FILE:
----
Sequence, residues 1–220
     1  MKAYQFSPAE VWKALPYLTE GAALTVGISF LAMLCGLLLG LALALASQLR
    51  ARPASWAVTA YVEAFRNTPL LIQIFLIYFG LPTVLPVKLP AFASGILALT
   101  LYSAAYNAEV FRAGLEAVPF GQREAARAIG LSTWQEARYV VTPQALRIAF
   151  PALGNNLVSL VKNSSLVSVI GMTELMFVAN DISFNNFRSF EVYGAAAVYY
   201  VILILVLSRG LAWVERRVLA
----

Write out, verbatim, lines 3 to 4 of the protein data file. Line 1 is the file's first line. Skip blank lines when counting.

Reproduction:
    51  ARPASWAVTA YVEAFRNTPL LIQIFLIYFG LPTVLPVKLP AFASGILALT
   101  LYSAAYNAEV FRAGLEAVPF GQREAARAIG LSTWQEARYV VTPQALRIAF